Our Prime Minister has touted  this secret trade deal as being “in the best interests” of the Canadian economy. Because, you know, the economy is the only interest that matters to this particular government, never mind the other public interests a government is supposed to look out for.

Like the privacy of Canadians. Apparently, under the new TPP deal, Canada will lose some of the power it has to protect our personal data as the TPP will “prevent national governments from cutting off data flows, by limiting laws that require local storage of data.” Let that personal data flow!

They see gold in your trees and gold in your people
They’ll be panning for it in your water

It will also take longer for works to enter the public domain in Canada as the TPP will extend the term of copyright from 50 to 70 years after the death of the creator. 20 more years for publishers to make a few more dollars off of the backs of people who have been dead for decades, and keep our own culture out of our collective hands. What is even worse is that this clause could be retroactive, meaning that works in Canada that are currently in the public domain could become locked up again. And, as the Society for American Archivists notes in their opposition to the TPP, a healthy public domain is, “…essential in fostering new creativity and advancing knowledge. It provides a storehouse of raw materials from which individuals can draw to learn and create new ideas or works.”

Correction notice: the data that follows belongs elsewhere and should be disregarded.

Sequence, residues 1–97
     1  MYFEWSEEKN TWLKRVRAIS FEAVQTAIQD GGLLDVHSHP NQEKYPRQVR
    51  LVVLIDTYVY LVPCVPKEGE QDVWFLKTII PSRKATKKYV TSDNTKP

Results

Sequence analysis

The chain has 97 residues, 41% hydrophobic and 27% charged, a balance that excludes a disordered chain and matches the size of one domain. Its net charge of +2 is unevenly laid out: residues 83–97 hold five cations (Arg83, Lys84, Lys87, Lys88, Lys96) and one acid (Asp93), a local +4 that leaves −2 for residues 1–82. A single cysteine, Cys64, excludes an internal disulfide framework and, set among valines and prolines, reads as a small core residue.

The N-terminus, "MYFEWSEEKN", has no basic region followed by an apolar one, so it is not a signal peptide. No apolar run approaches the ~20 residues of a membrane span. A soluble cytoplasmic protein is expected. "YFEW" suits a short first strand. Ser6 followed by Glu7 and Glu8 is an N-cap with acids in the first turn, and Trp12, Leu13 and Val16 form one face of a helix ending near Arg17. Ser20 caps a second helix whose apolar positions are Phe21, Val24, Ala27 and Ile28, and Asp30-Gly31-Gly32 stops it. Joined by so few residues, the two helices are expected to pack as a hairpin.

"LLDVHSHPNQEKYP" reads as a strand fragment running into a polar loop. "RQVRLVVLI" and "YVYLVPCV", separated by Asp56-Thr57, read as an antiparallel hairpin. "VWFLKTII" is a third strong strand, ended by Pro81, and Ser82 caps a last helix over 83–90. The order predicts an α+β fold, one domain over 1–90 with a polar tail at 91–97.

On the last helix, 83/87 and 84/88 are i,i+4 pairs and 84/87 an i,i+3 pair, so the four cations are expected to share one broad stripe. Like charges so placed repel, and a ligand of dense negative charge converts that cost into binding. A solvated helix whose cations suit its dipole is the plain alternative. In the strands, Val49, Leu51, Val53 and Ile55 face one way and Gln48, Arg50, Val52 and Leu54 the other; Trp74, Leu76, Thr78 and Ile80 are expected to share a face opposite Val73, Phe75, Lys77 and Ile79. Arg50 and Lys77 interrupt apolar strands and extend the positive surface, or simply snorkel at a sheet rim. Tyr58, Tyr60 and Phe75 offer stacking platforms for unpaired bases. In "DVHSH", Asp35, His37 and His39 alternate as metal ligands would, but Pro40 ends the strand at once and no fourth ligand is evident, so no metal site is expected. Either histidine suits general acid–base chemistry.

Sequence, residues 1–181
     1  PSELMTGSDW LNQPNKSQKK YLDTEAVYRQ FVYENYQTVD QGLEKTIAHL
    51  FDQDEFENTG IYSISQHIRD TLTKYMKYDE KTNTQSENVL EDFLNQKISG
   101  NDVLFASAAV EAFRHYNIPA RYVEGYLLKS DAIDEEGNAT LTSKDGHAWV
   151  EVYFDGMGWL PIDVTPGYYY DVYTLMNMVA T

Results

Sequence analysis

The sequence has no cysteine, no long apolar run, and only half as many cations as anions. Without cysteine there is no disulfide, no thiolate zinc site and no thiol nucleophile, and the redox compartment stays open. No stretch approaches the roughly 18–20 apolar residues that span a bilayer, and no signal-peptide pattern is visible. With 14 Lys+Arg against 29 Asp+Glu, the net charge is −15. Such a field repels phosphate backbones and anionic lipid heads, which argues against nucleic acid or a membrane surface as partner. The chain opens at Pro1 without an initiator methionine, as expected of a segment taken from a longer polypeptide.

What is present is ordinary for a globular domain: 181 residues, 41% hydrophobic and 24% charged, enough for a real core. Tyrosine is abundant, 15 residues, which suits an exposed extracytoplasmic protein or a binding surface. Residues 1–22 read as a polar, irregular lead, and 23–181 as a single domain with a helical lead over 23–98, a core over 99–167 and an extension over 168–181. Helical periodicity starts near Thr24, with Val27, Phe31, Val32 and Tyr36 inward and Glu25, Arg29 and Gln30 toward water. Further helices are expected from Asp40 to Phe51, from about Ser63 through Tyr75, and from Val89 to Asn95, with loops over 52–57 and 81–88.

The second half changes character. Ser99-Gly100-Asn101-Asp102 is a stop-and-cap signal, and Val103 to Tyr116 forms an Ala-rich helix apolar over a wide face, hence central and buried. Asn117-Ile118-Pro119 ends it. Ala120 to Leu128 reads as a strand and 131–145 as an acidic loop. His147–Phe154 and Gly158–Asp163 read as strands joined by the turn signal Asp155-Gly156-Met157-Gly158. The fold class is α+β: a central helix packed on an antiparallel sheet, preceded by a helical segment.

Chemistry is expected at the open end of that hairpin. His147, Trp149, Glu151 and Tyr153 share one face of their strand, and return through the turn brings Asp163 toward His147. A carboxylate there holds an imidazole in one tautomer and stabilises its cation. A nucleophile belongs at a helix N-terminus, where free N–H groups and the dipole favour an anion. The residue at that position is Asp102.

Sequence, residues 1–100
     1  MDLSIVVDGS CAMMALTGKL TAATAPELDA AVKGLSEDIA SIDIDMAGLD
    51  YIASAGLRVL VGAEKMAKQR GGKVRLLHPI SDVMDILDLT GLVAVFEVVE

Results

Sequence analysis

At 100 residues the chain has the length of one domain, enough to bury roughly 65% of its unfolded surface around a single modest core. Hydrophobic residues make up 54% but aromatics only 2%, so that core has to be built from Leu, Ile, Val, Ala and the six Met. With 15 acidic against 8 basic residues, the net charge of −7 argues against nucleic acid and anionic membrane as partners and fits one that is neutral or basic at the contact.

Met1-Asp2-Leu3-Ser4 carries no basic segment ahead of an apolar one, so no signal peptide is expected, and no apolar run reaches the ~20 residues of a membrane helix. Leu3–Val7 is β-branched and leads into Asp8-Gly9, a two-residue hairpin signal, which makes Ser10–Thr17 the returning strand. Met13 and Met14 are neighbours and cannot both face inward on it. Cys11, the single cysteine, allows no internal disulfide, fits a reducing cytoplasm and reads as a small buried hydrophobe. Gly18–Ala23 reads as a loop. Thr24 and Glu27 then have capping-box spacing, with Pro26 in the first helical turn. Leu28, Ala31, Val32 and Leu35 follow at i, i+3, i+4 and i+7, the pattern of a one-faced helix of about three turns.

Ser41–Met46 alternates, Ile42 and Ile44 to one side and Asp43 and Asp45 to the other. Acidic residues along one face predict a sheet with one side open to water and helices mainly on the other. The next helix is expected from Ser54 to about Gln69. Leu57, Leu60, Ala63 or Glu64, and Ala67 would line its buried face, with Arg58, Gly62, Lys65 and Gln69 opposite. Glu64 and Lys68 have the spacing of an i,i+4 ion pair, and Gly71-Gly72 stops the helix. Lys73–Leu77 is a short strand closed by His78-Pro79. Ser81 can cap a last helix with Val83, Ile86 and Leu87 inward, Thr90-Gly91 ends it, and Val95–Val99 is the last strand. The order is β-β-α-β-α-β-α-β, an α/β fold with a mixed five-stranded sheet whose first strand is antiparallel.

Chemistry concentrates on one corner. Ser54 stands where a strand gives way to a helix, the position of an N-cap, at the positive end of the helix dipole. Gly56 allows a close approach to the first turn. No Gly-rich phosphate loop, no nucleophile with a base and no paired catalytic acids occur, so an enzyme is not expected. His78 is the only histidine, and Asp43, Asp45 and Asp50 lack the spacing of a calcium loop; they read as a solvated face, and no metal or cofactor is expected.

Then there are the other aspects of the deal that smell, like removing the ability of web browsers to copy websites – a necessary function of web browsers as this is fundamentally how a web browser works. When a browser visits a website, what you are seeing in the browser is actually a copy stored in your browsers cache of that website.